We have no way of knowing whether publishers colluded in adopting the agency model for e-book pricing. We do know that collusion wasn’t necessary: given the chance, any rational publisher would have leapt at Apple’s offer and clung to it like a life raft. Amazon was using e-book discounting to destroy bookselling, making it uneconomic for physical bookstores to keep their doors open.

Just before Amazon introduced the Kindle, it convinced major publishers to break old practices and release books in digital form at the same time they released them as hardcovers. Then Amazon dropped its bombshell: as it announced the launch of the Kindle, publishers learned that Amazon would be selling countless frontlist e-books at a loss. This was a game-changer, and not in a good way. Amazon’s predatory pricing would shield it from e-book competitors that lacked Amazon’s deep pockets.

Critically, it also undermined the hardcover market that brick-and-mortar stores depend on. It was as if Netflix announced that it would stream new movies the same weekend they opened in theaters. Publishers, though reportedly furious, largely acquiesced. Amazon, after all, already controlled some 75% of the online physical book market.

Amazon quickly captured the e-book market as well, bringing customers into its proprietary device-and-format walled garden (Sony, the prior e-book device leader, uses the open ePub format). Two years after it introduced the Kindle, Amazon continued to take losses on a deep list of e-book titles, undercutting hardcover sales of the most popular frontlist titles at its brick and mortar competitors.  Those losses paid huge dividends.  By the end of 2009, Amazon held an estimated 90% of the rapidly growing e-book market. Traditional bookstores were shutting down or scaling back. Borders was on its knees. Barnes & Noble had gamely just begun selling its Nook, but it lacked the capital to absorb e-book losses for long.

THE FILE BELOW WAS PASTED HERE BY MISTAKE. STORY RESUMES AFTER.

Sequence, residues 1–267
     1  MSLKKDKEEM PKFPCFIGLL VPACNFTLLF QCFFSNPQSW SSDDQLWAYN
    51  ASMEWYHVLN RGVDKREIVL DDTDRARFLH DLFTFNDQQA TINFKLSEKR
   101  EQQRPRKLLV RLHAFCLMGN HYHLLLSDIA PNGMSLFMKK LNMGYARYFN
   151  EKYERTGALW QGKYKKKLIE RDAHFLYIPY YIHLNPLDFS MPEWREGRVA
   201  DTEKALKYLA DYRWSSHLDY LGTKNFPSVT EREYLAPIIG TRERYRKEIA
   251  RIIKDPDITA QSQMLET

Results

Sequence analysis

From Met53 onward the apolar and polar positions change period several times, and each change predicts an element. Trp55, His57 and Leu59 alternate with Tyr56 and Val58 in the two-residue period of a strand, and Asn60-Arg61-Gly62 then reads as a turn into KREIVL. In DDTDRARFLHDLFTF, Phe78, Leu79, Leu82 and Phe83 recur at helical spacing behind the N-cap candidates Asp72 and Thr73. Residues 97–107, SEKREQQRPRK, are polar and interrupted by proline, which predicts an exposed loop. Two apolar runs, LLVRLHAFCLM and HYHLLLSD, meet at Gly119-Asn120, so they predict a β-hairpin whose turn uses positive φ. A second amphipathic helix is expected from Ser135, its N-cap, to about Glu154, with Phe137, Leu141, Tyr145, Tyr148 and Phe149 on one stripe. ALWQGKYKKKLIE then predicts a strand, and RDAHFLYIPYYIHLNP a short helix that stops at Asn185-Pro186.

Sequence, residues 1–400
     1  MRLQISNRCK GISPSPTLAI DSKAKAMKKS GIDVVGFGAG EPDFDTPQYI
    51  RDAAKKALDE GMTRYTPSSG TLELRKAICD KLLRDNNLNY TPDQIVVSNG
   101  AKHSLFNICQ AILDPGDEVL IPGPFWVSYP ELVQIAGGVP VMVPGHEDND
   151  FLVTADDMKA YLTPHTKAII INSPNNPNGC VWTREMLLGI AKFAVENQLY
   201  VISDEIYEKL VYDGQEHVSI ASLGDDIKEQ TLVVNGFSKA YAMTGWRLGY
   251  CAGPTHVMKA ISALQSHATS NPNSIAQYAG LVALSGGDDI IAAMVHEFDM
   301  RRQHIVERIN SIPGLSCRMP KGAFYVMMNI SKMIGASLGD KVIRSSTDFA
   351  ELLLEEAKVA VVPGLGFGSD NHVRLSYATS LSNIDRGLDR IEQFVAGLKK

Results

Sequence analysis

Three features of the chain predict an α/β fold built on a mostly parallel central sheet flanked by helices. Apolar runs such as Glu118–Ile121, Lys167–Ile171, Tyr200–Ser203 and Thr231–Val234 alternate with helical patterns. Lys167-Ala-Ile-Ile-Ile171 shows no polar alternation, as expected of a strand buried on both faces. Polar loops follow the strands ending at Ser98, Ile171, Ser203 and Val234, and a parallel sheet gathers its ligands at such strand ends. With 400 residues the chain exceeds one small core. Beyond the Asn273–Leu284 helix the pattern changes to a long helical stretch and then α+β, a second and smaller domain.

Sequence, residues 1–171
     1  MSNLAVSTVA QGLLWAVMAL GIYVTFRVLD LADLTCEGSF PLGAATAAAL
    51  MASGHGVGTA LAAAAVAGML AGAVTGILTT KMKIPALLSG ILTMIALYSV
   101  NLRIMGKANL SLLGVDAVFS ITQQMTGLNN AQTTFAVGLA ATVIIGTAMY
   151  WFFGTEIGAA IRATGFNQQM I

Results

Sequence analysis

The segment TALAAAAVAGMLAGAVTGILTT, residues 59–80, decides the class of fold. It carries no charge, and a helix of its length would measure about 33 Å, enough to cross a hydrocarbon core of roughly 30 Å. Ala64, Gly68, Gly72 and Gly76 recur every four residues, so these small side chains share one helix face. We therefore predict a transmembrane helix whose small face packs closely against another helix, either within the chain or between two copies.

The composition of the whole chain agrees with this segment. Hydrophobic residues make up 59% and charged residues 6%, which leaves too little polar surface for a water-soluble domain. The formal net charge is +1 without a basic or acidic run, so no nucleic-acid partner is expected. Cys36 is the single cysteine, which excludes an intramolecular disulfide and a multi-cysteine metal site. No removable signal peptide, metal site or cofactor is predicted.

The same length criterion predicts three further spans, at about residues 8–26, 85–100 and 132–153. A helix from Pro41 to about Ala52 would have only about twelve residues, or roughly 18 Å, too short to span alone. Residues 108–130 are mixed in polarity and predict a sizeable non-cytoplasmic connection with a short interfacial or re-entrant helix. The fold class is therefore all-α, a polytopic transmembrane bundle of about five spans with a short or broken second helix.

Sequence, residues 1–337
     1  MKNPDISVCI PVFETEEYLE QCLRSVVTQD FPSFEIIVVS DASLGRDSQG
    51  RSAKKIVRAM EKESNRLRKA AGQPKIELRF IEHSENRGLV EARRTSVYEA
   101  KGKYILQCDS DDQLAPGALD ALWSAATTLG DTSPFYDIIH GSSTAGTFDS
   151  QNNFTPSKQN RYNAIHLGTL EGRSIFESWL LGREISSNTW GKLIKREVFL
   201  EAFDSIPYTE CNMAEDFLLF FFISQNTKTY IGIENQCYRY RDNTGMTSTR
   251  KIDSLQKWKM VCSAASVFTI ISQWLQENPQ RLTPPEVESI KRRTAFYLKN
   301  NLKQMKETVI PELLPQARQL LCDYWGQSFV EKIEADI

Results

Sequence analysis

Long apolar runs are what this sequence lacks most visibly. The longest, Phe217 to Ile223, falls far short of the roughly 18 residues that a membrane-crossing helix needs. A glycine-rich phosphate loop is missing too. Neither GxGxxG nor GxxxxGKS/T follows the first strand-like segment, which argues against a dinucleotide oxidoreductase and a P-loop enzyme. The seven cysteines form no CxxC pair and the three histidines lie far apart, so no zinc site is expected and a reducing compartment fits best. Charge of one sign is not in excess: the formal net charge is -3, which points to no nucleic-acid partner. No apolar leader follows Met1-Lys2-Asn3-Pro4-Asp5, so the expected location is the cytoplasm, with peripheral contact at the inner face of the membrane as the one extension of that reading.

Enter Steve Jobs. Two years ago January, one month after B&N shipped its first Nook, Jobs introduced Apple’s iPad, with its proven iTunes-and-apps agency model for digital content. Five of the largest publishers jumped on with Apple’s model, even though it meant those publishers would make less money on every e-book they sold.

Publishers had no real choice (except the largest, Random House, which could bide its time – it took the leap with the launch of the iPad 2): it was seize the agency model or watch Amazon’s discounting destroy their physical distribution chain. Bookstores were well along the path to becoming as rare as record stores.  That’s why we publicly backed Macmillan when Amazon tried to use its online print book dominance to enforce its preferred e-book sales terms, even though Apple’s agency model also meant lower royalties for authors.